Studies show that women with fewer than six friends have significantly higher rates of coronary artery disease, obesity, diabetes, high blood pressure and depression.

Here's how you can nurture these important relationships.

1. BE HER CHEERLEADER

Everyone gets down once in a while, so why not use your role as friend to boost your bud's confidence? When health and family writer Louise Gleeson, of Oakville Ont., first started her freelance business, one of her best friends had a box of beautiful customized business cards delivered to the door of her home. "She couldn't have cheered any louder for me if she had been standing at my door with pom poms," says Gleeson.

2. MAKE HER A PRIORITY

Set aside time for a weekly phone call, monthly movie night or even just an annual walk down memory lane, via your favourite teenage haunts. Dr. Irene Levine, PhD., is a professor of psychiatry at the NYU School of Medicine and an expert on friendships: she surveyed 1,500 women about their relationships for her book, Best Friends Forever (2009, Overlook Press). Dr. Levine's own best friend lives thousands of miles away, but, "we keep in regular contact. We cheer on each other's successes and are always available for a shoulder to cry on."

3. GIVE THE ADVICE A REST

Hearing my own debt-saddled friend lament his money woes one day, then describe his luxe new ride the next, is frustrating. But swooping in to fix his financial fiasco won't make everything better — and I know venting will help him work out things in his own mind. "The main thing is to set up some boundaries...and not to get sucked in as an enabler," says Dr. Levine. "Listen and, once in a while, give your opinion — but nobody wants to be harangued." So, unless his health or safety is an issue, I try biting my tongue and empathizing about how stressful his financial situation must be.

4. DON'T SPILL HER SECRETS

According to a recent study, six in 10 women can't keep their lips sealed and those who do blab are likely to do so within 47 hours. What to do when those natural impulses takes over? "Tell yourself it's not my information to share," says Marilyn Bellegham, M. Ed., a Burlington, Ont. relationship therapist. "I wouldn't want someone to take something I've said and share it!" If you know you're bad at staying mum, she advises asking your friend to leave you out of the loop.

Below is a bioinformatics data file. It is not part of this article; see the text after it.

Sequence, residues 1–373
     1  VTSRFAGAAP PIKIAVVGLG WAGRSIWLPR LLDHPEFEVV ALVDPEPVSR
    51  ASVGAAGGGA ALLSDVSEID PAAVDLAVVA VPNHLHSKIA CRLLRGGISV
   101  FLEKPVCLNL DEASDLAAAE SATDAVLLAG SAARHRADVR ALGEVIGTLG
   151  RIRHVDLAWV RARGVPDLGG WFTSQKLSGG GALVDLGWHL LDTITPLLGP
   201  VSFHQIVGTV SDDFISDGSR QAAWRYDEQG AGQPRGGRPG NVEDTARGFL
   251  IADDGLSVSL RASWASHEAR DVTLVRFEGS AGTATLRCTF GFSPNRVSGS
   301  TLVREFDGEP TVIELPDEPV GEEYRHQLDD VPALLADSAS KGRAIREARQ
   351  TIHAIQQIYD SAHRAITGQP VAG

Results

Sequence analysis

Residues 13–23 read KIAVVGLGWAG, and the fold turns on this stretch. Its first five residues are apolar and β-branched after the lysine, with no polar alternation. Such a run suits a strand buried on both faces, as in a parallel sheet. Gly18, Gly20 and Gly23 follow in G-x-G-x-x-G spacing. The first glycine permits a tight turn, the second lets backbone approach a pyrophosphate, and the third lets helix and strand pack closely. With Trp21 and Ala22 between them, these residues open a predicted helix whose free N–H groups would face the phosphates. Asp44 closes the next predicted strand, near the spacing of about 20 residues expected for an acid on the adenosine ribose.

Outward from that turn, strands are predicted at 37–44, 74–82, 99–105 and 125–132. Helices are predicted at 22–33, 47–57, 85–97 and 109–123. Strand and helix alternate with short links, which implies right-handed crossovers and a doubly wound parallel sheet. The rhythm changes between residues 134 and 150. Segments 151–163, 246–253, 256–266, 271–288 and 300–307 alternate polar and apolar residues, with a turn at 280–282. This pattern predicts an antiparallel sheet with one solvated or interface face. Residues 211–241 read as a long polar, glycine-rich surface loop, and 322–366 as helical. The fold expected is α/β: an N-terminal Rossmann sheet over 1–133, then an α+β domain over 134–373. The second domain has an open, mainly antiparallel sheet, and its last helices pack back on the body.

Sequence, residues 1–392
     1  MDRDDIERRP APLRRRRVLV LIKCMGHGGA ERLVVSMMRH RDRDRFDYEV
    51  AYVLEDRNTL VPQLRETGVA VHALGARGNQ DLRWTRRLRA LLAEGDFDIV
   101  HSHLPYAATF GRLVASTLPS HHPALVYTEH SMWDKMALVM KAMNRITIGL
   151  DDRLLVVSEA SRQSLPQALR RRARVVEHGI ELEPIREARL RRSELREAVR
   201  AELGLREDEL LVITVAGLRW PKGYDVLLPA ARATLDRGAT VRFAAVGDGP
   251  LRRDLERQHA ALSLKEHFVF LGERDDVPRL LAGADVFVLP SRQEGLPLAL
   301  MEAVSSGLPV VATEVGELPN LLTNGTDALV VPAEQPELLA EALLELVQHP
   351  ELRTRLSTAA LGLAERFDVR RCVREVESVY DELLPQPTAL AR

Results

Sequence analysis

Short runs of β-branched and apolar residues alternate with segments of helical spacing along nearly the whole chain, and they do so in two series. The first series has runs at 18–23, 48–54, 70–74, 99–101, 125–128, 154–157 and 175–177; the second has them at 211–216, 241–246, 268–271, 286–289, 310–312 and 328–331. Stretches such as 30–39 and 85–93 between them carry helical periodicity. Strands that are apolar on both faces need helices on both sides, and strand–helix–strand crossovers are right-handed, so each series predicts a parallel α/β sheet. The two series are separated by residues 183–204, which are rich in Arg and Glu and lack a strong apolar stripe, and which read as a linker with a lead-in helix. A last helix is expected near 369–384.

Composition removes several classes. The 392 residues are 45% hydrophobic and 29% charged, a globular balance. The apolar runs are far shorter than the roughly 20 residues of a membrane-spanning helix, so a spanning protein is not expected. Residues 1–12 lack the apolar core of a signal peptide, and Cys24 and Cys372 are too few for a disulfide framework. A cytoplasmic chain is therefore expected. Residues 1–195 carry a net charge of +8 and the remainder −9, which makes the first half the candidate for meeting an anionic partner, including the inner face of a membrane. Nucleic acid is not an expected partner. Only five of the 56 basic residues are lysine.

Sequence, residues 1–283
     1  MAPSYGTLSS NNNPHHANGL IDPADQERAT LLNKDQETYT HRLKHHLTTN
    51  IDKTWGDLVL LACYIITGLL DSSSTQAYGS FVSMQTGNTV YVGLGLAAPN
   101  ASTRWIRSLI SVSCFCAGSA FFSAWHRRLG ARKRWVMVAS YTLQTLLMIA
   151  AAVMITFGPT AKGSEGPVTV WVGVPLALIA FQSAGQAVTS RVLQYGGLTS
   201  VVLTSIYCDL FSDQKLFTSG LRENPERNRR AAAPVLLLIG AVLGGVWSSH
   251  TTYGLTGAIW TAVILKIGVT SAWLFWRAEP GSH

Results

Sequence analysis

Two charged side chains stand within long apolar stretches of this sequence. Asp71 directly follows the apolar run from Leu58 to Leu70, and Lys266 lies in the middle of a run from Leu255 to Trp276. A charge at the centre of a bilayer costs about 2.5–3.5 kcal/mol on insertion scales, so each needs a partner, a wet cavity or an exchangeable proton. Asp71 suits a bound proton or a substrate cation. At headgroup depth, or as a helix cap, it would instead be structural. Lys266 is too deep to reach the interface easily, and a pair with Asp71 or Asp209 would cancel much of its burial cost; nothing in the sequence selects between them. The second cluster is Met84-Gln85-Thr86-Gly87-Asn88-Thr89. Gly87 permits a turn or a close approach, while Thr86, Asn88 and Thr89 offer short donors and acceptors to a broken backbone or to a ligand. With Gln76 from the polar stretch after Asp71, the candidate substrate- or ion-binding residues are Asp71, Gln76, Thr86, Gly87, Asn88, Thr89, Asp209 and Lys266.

5. DON'T JUDGE

After a seven-month struggle with nursing, Rachel Hoffman of Cape Coral, Fla. made the decision to stop breastfeeding. Looking for encouragement, she wrote about her disappointment in her Facebook status. While she did receive some messages of sisterly support, she was also bombarded with criticism from friends. Hoffman felt "hurt and attacked". (Needless to say, they're not on her list of friend's any more.) The bottom line: good friends know when to keep their opinions to themselves.

6. KNOW WHEN TO SAY WHEN

Good friends don't worry that he's only driven once and you've played chauffeur the past three times, but they don't take advantage either. If you're starting to screen your calls because a friend has been leaning on you a bit too heavily through her divorce, it's probably time to say something, says Dr. Levine. "If you feel yourself becoming resentful, you probably need to talk about it. People can't be everything to another person...you need to set some boundaries."

7. CELEBRATE HER SUCCESSES

When a good friend drops 30 pounds and looks fantastic, you might look down at your own bulging gut and mutter a snarky "must be nice!" "To be a good friend we also have to be a good friend to ourselves," says Bellingham. "If we have a good strong self image, we don't tend to say 'Oh, they can do something better than me!' we say 'Isn't that great! Look what she can do!'" Bite the head off that green-eyed monster by reminding yourself that you and your friend are two different people and focus instead on how great your friend is feeling.

8. CH CH CH CHANGES

"It means a lot when my friends understand life with kids sometimes gets in the way of friendships," says of Kathleen Clay, a Courtice, Ont. mother of three. "It's not that I don't want to get together, but, most days, my life is just not my own." If you're a new mom, try to let your friends know that even though you can't be there for them like you used to be, you still treasure them. On the other hand, if you're the one feeling slighted, try offering to babysit and supporting your friend in her demanding new role as mom, rather than making her feel guilty.